Aston Martin have “all the ingredients in place” to chase more Formula One victories and make it more difficult for Mercedes to retain their constructors’ and drivers’ titles. Sebastian Vettel has joined the team, rebranded from Racing Point, and will hope to try and make life harder for Lewis Hamilton to clinch a record-breaking eighth world championship.
Racing Point finished fourth in the constructors’ in 2020, although were disappointed to be pipped by McLaren at the climax of the season, and won the Sakhir Grand Prix through Sergio Perez.
Since then, however, Racing Point has been transformed into the works squad of British carmaker Aston Martin and have replaced Perez, who joined Red Bull, with Vettel.
Lance Stroll, the son of part-owner Lawrence Stroll, will race alongside the four-time world champion as they seek to improve on last season.
And team principal Otmar Szafnauer thinks the Silverstone-based outfit have the structure in place to make more improvements in 2021.
Part of their aim is to add to their tally of race victories across the 23-race season, which begins in Bahrain on March 28, as teams look to provide Hamilton with more competition at the front of the grid.
Their hopes will be carried by 33-year-old Vettel, who has experience of 53 race wins and 121 podium finishes, although the German toiled in his final years with Ferrari, picking up just 33 points in 2020 and finishing 13th in the final drivers’ standings.
Hamilton meanwhile last season equalled Michael Schumacher’s record of seven titles and did so emphatically, ending the season 124 points ahead of his Finnish team-mate Valtteri Bottas, who ended up second.
And an optimistic Szafnauer said: “With a new name, committed shareholders, fresh investment, and an experienced team, we believe we have all the ingredients in place to compete for even more podiums and hopefully victories too.
“It’s the start of a new journey and I can sense extra energy in the team, with a determination to push performance further than ever before.
“Combined with some of the most creative minds in the business, a true racers’ mentality, and the can-do spirit that has served us so well through the years, we have every reason to be excited about the future.
“It’s easy to forget that we’ve been putting the groundwork in place for a brand-new era alongside a very challenging global setting, all the while balancing those tasks with our most successful F1 season to date – including a race win and multiple podium finishes en route to fourth place in the constructors’ championship,
“Everybody involved should be extremely proud of that achievement and I think it demonstrates that while this is a new team name and identity, we have retained the strong backbone that has guided us through some tough times to where we are today.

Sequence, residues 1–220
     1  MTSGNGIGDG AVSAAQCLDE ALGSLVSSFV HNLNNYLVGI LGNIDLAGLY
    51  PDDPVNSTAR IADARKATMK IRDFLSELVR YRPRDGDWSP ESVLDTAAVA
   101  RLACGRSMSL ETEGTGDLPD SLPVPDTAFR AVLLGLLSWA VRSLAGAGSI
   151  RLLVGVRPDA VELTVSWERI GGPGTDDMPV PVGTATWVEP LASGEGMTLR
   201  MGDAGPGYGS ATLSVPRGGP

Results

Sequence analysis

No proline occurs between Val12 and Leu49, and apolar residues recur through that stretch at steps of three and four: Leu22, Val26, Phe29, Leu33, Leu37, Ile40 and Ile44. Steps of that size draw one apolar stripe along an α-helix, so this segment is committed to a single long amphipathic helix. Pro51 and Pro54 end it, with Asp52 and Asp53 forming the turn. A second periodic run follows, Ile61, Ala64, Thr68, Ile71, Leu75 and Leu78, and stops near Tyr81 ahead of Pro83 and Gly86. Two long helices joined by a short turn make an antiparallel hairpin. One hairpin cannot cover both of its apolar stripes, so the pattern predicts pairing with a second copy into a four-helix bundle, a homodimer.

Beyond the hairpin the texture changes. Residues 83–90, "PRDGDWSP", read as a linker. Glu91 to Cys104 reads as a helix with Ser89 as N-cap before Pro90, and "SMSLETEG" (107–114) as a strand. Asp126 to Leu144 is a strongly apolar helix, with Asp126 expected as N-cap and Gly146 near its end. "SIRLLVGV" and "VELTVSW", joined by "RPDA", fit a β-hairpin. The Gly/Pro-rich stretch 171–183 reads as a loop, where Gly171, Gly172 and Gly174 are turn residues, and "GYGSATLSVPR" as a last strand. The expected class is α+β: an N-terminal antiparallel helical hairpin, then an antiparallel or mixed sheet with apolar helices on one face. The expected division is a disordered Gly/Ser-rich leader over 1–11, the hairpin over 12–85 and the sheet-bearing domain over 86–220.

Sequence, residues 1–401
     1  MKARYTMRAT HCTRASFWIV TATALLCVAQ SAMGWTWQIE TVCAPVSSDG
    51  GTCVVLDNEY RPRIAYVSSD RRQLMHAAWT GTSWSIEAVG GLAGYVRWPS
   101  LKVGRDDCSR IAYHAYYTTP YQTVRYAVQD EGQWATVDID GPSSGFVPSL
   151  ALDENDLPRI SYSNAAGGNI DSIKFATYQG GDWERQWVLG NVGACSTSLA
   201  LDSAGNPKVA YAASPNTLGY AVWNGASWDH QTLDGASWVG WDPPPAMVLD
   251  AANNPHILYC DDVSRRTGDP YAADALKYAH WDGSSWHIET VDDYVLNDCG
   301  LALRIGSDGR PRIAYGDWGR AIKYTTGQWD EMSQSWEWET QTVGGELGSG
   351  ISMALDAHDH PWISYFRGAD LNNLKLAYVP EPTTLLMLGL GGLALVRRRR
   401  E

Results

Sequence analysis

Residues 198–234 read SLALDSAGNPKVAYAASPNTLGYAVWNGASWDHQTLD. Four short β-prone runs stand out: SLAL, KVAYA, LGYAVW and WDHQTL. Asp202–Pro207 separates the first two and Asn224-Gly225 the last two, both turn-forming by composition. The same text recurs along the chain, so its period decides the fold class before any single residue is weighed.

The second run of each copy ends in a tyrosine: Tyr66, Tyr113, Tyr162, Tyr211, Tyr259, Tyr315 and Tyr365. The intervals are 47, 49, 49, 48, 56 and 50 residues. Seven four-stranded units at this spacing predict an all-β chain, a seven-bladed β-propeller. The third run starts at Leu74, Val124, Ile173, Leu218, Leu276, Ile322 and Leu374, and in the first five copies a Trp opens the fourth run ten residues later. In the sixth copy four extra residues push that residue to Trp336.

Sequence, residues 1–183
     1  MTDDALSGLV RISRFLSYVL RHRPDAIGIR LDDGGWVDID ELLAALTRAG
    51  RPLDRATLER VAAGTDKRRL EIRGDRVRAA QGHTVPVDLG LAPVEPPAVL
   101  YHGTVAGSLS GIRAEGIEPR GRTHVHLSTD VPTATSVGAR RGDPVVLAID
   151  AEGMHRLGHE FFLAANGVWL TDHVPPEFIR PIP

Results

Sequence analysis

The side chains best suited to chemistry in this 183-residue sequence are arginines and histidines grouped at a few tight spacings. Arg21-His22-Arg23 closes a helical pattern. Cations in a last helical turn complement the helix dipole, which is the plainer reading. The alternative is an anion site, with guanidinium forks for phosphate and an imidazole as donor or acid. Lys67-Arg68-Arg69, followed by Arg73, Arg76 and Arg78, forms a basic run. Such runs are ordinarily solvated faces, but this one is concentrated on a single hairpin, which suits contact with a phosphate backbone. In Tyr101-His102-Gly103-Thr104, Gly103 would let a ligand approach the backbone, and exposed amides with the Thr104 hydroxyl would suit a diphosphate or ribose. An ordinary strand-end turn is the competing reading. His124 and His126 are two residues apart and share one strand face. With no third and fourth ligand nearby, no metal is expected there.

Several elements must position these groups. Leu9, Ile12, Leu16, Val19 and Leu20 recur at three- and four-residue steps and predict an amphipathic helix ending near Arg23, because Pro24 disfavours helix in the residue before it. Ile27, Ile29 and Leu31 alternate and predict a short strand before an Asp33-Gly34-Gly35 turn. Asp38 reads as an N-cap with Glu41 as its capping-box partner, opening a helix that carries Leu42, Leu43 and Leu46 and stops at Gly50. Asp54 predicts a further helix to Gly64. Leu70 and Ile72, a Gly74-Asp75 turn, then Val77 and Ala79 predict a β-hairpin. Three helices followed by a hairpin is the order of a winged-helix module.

“While the challenge was once establishing ourselves as the most efficient team on the grid, now there’s an exciting opportunity to establish ourselves as a top team, while still maintaining that efficiency, in order to add an exciting chapter to the Aston Martin legacy.”
Aston Martin chief Lawrence Stroll meanwhile recognises it will be difficult to oust Mercedes as the best on the grid next season but thinks it is a realistic target to aim of doing so in the seasons after that.
The Canadian businessman said to RaceFans: “Firstly, to bring the Aston Martin name back to Formula One is, I think, the biggest thing that’s happened to Formula One in decades.
“It’s not just another start-up team; it’s a team with a 107-year history, globally recognised as a pre-eminent leading luxury and performance brand.
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“The whole history of Aston Martin, the DNA this whole company was based around racing, when they raced up Aston Clinton Hill; winning Le Mans in 1959 with Carroll Shelby [and the DBR1].
“Not many people understand what it is to return a team to Formula One, the financial magnitude and everything that goes with it.
“My plans and ambitions I made very clear when I became majority shareholder and executive chairman of [AML]. We’ve already checked many of those boxes.
“Since I started last April, it was monumental, the transformation, and I think it’s fair to say it was equally done to the Formula One team: last year to end the season fourth, and challenging what I think we deserved to be, third. You know, we had some bad luck, a couple of engines blowing the last few races.
“I think the first step towards winning next year will be regularly being on the podium, winning a few races – as we saw, we were capable of doing this – then constantly knocking on the door of second.
“Do I think we can beat Mercedes? Certainly not next year. We’re all very big realists. You know, with the new rule changes in 2022, we don’t know what they will mean exactly. The intent is to bring the field closer; will it succeed?
“If it succeeds, I think we can give anybody – not only Mercedes, [but] it could be Red Bull, could be Ferrari – a run for their money.”
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